Tuesday, August 23, 2011

RBC hikes up its Variable Rate

RBC hikes variable mortgage rates
Last updated Tuesday, Aug. 23, 2011 11:38AM EDT

A Royal Bank of Canada (RBC) logo is seen at a branch in Toronto November 9, 2007. (Mark Blinch/Reuters)

Royal Bank of Canada is hiking variable mortgage rates, seeking to pump up its profit margins as it becomes evident that interest rates will remain low for some time to come.
The country’s largest bank, which is also Canada’s biggest mortgage lender, said Tuesday that it is increasing the rates on its five-year variable closed residential mortgages by 0.20 percentage points. As a result, the price of its current special offer rate is now prime minus 0.45 per cent.

Sources in the banking industry say that the profit margins banks are earning on variable rate mortgages have become extremely thin. And that’s becoming more of a problem for lenders because there are already signs that Canadians are piling back into variable-rate, as opposed to fixed-rate, mortgages. That’s because expectations that the Bank of Canada will hike interest rates by a significant amount in the near future diminished recently after the U.S. central bank signalled that it intends to keep rates at rock-bottom levels well into 2013.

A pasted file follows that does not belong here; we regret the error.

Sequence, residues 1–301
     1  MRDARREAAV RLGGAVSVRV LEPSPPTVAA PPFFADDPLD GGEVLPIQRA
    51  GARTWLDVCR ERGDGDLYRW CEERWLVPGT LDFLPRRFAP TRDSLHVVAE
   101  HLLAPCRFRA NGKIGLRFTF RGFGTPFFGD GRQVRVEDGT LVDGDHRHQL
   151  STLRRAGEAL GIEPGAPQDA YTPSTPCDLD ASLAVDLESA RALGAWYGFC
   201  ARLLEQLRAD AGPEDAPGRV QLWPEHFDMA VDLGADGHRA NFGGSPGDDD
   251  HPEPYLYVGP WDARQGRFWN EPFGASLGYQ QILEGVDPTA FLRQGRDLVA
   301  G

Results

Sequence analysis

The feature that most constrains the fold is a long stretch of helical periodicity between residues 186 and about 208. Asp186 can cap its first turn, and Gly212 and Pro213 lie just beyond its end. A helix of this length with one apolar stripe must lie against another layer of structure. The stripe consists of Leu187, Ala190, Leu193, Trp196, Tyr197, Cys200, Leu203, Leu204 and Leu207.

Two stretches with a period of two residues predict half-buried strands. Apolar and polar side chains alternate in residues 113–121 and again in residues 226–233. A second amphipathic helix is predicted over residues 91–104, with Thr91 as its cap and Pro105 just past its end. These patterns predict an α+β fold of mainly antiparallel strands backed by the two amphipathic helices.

By making this move RBC is signalling that it is choosing profits over market share. While some rivals are likely to follow suit, other banks might choose to keep rates low in order to lure new customers, hoping that those borrowers will eventually lock in to a more profitable fixed-rate at the same bank.
A spokesperson for RBC said that mortgage rates are tied to the bank’s funding costs, which change from day to day. “Our long term funding costs have gone up considerably due to global economic concerns and while we have held off in passing on these rate changes to our clients, it is now necessary for us to increase this mortgage rate,” the bank said.
The last time it adjusted the variable closed posted rate was in January, when it was decreased from prime minus 0.15 per cent to prime minus 0.20 per cent. That posted rate (as opposed to the special offer rate) is now prime plus 0 per cent.
Published on Tuesday, Aug. 23, 2011 11:22AM EDT

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